TIGA Comments on Government’s Skills Policy

By November 18, 2010 Press Releases

TIGA, the trade association representing the UK games industry, said today that it supported the Government’s plan to set up a £50 million fund to support employer led initiatives and leadership and management training. TIGA also backed the Government’s plans to give FE colleges more autonomy. However, TIGA warned the Government against an over-emphasis on apprenticeship training and criticised the Government’s decision to replace Train-to-Gain. TIGA also repeated its opposition to the Government’s proposed limits on migration. TIGA made the comments in response to the publication of the Government strategy for skills, Skills for Sustainable Growth, and its parallel publication, Investing in Skills for Sustainable Growth.

Dr Richard Wilson, TIGA CEO, said:

“TIGA supports the Government’s plan to initiate a demand-led growth and innovation fund of up to £50 million of government investment a year, to support employer-led initiatives within sectors, such as new professional standards, and to promote leadership and management in small and medium enterprises. TIGA also backs the Government’s plans to give FE colleges more autonomy.

“However, the Government’s skills policy involves putting too many of its eggs in one basket – apprenticeships. Apprenticeships are an effective way of training in some sectors of the economy but there are other perfectly good ways for employers to train their staff and that there may be better qualifications for employers and learners to work towards. As far as the video games industry is concerned, there is no significant tradition of apprenticeships as a form of workplace training. The games sector typically recruits graduates or people with other level four qualifications. The Coalition Government should not seek to impose a particular vocational model or qualification on workplaces in the UK. It cannot possibly know best.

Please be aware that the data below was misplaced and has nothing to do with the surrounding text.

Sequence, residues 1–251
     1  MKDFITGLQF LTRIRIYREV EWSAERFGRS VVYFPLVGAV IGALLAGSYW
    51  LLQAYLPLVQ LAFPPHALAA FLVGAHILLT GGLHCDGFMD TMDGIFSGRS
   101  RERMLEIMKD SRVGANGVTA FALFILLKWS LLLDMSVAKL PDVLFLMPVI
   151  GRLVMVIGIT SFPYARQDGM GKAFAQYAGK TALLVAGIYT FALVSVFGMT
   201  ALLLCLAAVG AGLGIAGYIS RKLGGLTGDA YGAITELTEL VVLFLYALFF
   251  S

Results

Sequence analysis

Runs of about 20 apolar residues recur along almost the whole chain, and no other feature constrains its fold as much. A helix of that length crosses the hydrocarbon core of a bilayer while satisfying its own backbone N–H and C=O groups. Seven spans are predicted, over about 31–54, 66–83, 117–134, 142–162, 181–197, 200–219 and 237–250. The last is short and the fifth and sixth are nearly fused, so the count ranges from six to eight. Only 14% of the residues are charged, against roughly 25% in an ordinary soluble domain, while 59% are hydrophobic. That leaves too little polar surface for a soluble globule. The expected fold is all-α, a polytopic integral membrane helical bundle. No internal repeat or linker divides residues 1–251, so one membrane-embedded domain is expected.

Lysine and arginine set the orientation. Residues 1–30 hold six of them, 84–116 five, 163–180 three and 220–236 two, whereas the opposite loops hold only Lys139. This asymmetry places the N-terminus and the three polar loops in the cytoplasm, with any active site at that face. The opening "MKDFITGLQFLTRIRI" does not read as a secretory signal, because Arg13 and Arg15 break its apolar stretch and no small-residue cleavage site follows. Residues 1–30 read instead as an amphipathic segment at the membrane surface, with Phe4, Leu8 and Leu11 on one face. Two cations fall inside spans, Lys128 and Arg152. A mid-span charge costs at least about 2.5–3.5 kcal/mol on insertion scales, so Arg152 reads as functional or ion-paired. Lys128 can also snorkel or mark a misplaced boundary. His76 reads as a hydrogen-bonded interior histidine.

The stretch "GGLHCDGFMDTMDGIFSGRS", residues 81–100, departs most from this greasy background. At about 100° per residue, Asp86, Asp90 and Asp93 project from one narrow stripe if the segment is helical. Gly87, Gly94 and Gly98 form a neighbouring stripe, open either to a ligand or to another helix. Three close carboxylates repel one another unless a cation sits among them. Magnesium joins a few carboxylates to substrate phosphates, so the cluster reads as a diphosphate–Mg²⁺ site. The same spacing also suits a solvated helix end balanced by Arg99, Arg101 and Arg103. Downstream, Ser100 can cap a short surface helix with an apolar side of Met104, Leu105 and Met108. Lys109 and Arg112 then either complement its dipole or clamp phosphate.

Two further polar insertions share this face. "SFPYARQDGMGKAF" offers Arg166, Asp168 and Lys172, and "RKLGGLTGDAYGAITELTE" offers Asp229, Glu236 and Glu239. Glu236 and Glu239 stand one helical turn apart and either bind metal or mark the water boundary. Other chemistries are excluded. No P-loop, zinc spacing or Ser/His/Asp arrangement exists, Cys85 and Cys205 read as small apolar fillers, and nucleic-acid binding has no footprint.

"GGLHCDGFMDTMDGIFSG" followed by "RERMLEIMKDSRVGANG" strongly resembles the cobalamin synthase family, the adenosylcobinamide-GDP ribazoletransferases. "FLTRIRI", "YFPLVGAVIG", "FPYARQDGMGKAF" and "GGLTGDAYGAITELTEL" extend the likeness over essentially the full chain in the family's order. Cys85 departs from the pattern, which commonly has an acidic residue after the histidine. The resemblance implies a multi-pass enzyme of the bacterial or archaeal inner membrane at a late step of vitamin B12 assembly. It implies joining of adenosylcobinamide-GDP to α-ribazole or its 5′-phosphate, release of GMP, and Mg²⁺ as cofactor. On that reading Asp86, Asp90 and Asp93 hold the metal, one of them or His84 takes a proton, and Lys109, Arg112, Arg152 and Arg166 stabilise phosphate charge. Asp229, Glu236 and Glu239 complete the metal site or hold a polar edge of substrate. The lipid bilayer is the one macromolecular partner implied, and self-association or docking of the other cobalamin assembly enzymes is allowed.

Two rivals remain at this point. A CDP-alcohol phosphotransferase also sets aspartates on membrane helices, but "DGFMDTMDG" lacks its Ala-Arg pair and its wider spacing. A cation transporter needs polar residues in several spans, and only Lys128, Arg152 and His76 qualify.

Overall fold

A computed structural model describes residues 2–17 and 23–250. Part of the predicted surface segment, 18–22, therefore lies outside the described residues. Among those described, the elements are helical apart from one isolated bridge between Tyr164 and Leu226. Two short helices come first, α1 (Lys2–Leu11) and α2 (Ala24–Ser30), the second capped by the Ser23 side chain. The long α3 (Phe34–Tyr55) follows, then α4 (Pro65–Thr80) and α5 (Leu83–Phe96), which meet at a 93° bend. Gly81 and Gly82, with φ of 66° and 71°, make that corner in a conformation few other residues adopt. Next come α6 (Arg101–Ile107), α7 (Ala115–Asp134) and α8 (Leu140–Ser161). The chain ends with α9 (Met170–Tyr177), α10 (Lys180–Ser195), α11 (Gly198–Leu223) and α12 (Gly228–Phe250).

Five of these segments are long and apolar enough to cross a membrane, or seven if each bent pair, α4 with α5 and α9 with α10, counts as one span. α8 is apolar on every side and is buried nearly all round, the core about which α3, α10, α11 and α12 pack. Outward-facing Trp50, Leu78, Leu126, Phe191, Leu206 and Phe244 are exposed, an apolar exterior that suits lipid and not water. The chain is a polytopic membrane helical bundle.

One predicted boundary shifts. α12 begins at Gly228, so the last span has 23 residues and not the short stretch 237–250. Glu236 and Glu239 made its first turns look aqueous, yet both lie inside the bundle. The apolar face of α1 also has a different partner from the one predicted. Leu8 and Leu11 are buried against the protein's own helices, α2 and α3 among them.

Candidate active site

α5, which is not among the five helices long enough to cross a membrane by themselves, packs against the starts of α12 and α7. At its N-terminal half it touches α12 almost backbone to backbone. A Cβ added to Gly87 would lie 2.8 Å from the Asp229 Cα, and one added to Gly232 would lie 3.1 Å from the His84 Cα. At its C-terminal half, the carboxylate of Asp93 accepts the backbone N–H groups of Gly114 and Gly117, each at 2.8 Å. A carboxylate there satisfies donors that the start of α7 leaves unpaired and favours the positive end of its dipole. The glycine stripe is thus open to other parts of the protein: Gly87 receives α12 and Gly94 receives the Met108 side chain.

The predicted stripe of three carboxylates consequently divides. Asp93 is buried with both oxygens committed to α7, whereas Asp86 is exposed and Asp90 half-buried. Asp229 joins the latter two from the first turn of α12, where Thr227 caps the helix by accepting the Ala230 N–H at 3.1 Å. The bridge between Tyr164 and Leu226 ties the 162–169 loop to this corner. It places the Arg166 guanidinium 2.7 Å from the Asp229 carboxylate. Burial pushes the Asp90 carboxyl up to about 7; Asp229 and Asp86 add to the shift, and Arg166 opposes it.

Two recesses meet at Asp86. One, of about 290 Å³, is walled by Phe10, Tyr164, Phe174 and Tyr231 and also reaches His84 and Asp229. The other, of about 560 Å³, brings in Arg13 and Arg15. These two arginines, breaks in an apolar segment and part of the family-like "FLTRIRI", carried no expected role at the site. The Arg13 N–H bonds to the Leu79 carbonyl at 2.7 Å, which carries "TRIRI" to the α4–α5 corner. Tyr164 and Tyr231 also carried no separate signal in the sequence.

“The Government’s decision to replace Train to Gain with an SME package with the focus on helping employers train low skilled workers is a mistake. The replacement programme for Train to Gain should enable employers to enhance the skills of high skilled workers too. The UK’s workforce of the future has to be based around higher skills.

“TIGA remains concerned about the 25 per cent cut in the further education resource budget over the life time of this Parliament. Further education needs to be properly supported. TIGA also remains extremely concerned by the Government’s migration plans. TIGA strongly opposes the proposed permanent limits on highly skilled migrants and especially highly skilled workers with a job offer. Additionally, there should be no restrictions on the freedom of publisher owned studios to facilitate intra-company transfers. This would simply damage the ability of studios to complete their projects on time and impair the quality of game development.” 




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